Two things there… As I put those short stories together, I would never name anything by brand. It’s the reverse of what Steve King does. Steve, brilliantly, uses brand names to lock you into the moment… The Pepsi Cola that you’re drinking, the beer, the cigarettes, the show they’re watching on television – Steve is there in the moment. I’m doing the reverse. My models are people like Arthur Machen (1863-1947; The Three Imposters; The Great God Pan). He is a huge influence upon me, just because he seemed to be reaching for the primal, constantly. His stories read as fresh as the day they were written. That’s what I was looking for… To make these stories as timeless as they could possibly be.
THE EXACT OPPOSITE OF KING.
Absolutely. Chalk and cheese… You know, horror fiction is many things. But one of them is an encoding of our fears and an encoding of our responses to fear. Obviously, many of the things that were encoded in 19th Century horror fiction were sexual things. Because they were so repressed within the culture. Really, the first Vampire story with real sexual energy is Camilla, which was written in the 1850’s. She’s a lesbian. Nobody calls her a lesbian. But that’s what the encoding is. She’s ‘other’… And that is the key. That is the big key. As a homosexual man, as an overweight shortsighted kid who got kicked around a lot, I was always, ‘other’… And so I always aspire to have a balanced vision of what’s going on inside the head of what we’ll loosely call ‘the good guys’ and the head of what we’ll loosely call ‘the bad guys’. Because, according to the Reverend Phelps (anti-homosexual campaigner, Fred Phelps), for instance, as a homosexual, I’m one of ‘the bad guys’. And there’s no escaping that in our culture.
YOU MENTION YOUR SEXUALITY.. WAS THAT A FACTOR IN YOUR DECISION TO PRODUCE GODS AND MONSTERS (1998; DIR: BILL CONDON)?
Of course. Absolutely. James Whale was born in the North of England, came to America, reinvented himself and became a sort of legend… making movies that he didn’t have a high opinion of… Ian McKellen, whom Bill and I persuaded to embody Whale… Bill and I were talking to him. And I said, ‘You, know Ian, you me and Whale are three peas in a pod.’ I mean, there may be generations between us, but I’m also a Northern homosexual who came over here and made a new ‘self’, if you will… Ian got that in an instant…
YOU CHOSE NOT TO DIRECT THIS NEW FILM, MIDNIGHT MEAT TRAIN. WHY?
I chose not to direct at all for a while. Until I finish all five Abarat books. I hand write my novels as you know. I do four drafts. And I’m about 20-pages from the end of Abarat 3. I’m on page 2,079… You know there’s a lot of people around the world who want to know how this mega-story is going to reach a conclusion (laughs). I mean, you know, I’ve got two more books to write. And I certainly won’t think seriously about movies, as a director, until I feel I’ve finished the Abarat books.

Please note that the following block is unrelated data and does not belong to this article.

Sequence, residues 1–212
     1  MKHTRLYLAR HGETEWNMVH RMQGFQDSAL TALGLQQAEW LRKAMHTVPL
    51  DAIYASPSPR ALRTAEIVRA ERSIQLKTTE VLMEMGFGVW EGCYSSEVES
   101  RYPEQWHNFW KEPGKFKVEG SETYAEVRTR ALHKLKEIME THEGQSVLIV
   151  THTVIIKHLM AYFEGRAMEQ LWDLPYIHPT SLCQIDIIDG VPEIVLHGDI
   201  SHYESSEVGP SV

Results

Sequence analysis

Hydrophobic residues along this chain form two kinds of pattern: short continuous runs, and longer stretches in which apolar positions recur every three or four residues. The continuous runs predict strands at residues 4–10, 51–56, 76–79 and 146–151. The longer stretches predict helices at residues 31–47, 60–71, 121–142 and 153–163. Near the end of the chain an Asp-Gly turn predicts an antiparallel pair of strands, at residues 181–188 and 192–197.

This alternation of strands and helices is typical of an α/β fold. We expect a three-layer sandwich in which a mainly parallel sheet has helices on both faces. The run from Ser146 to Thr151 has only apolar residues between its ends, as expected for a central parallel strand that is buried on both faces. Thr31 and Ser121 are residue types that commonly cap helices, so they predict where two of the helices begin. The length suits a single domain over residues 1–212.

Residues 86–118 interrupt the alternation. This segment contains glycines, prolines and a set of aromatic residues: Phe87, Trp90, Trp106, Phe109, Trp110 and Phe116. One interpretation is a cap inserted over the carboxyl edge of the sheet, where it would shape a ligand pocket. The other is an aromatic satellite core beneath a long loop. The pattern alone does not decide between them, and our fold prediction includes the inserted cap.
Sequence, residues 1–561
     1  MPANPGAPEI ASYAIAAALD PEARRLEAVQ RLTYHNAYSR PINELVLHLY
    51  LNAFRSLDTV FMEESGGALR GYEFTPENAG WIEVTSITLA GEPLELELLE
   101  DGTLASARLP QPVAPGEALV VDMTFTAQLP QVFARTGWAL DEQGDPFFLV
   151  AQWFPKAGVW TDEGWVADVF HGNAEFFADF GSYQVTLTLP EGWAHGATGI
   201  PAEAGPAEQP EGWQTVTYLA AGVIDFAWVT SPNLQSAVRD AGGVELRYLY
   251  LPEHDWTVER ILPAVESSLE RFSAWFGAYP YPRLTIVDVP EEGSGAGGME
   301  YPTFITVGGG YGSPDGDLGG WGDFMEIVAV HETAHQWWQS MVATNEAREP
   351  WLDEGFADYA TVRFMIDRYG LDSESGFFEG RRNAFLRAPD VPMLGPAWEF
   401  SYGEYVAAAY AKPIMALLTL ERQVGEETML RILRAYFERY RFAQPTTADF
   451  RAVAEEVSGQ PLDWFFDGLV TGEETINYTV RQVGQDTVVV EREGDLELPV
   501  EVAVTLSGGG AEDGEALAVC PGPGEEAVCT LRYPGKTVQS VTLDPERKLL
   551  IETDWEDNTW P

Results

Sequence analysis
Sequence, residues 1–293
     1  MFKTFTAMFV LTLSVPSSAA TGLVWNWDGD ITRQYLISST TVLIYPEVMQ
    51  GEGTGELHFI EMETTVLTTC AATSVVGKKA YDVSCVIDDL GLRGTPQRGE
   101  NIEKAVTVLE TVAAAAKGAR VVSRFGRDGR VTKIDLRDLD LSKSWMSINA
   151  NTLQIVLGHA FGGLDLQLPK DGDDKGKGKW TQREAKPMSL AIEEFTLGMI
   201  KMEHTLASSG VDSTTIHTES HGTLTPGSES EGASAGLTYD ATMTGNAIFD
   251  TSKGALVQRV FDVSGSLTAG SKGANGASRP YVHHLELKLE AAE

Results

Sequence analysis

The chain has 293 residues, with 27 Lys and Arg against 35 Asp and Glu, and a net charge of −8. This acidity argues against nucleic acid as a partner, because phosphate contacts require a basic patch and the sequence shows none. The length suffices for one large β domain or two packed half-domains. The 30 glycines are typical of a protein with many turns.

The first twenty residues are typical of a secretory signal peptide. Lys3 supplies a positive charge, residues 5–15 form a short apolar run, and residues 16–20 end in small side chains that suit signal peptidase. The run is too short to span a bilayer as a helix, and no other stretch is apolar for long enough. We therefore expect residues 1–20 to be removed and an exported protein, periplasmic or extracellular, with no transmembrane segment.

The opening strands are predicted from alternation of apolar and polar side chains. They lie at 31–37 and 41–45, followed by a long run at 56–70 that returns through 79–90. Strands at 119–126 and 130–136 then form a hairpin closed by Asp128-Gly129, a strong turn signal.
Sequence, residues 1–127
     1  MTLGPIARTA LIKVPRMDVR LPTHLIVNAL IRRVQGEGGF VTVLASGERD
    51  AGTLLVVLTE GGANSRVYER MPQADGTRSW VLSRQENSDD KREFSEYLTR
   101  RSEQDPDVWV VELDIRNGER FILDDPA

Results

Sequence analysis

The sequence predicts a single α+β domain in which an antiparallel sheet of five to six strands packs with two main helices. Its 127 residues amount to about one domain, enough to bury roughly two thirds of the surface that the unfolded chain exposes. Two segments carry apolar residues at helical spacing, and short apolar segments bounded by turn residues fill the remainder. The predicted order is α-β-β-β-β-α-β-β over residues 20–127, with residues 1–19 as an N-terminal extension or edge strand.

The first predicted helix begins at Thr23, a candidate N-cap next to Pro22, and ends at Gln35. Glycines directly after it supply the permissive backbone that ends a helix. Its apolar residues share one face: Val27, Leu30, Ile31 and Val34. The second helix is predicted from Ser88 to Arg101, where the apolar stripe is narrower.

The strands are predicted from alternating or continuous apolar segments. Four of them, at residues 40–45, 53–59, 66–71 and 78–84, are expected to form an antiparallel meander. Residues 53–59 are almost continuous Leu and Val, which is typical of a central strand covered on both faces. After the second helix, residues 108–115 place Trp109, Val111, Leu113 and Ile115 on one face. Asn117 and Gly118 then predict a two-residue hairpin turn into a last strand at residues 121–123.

AS A PRODUCER, WHAT WAS THE BIGGEST CHALLENGE IN MAKING THE MIDNIGHT MEAT TRAIN?
The train… To get the train to be a believable thing. That you are on that train and it’s moving and racing along the tracks. I think that comes off. I think we sell quite well the idea that this is a real train.
WHEN IN FACT IT WAS…
Three carriages, you know. A build. A beautiful, beautiful, build.
HOW DID THE CASTING OF VINNIE JONES COME ABOUT?
It was just one of those glorious, glorious, ideas that somebody had which was just completely right. You know, he is the stone heart of this movie. That grim, joyless face. And also the pain in him, which is even more acute… The written story shows even more, you know, the failing of his system, in literary terms. But Vinnie’s acting is so smart and clean and full of subtlety that the he… I think the movie completely communicates what you need to know about his character, Mahogany.
WAS THERE ANYTHING THAT SURPRISED YOU ABOUT THE EXPERIENCE?
Yes. Our director’s vision…. His take on it made me love the process again. Because it’s been a while since we’ve had a movie that I was, you know, really a part of from the beginning. I’d been involved with some of the Hellraiser sequels over at Miramax, but they weren’t very satisfactory experiences because very often I was just called in at the last minute. Here is a picture that my team, the Seraphim guys (Barker’s production company, Seraphim Films), were there from the beginning and carrying it through to the end…
WHAT ARE YOUR EXPECTATIONS FOR THE FILM… YOUR HOPES?
I hope that in ten years time, people are still watching it. I mean, Hellraiser is still a picture that people will rent out on a weekend, which astonishes me. But there it is. It’s good. It cost 900,000-bucks, but people still watch it and are scared by it. I think in 10- years time, 20-years time, people will still love The Midnight Meat Train and say, ‘that’s a damn good movie’.
WHAT’S NEXT FOR YOU?
Dread. Which another story from The Books of Blood, which is being directed by Anthony DiBlasi, who joined the company as an assistant, six, seven, years ago. He’s done a magnificent adaptation of the story and he’s directing it. It’s just gone into preproduction. So I’m heading off to London this weekend, to be as supportive and useful as I can. I’m very proud of this guy. This man has just gone for it!
The Midnight Meat Train is available from March 2nd – buy your copy today.